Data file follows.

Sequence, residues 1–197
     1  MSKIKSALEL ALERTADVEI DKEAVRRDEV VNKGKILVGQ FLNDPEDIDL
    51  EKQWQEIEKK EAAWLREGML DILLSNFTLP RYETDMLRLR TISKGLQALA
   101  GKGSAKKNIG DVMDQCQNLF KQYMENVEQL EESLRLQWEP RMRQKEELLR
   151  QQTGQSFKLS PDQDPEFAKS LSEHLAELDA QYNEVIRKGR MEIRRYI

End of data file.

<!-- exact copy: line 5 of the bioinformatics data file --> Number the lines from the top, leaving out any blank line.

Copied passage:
   151  QQTGQSFKLS PDQDPEFAKS LSEHLAELDA QYNEVIRKGR MEIRRYI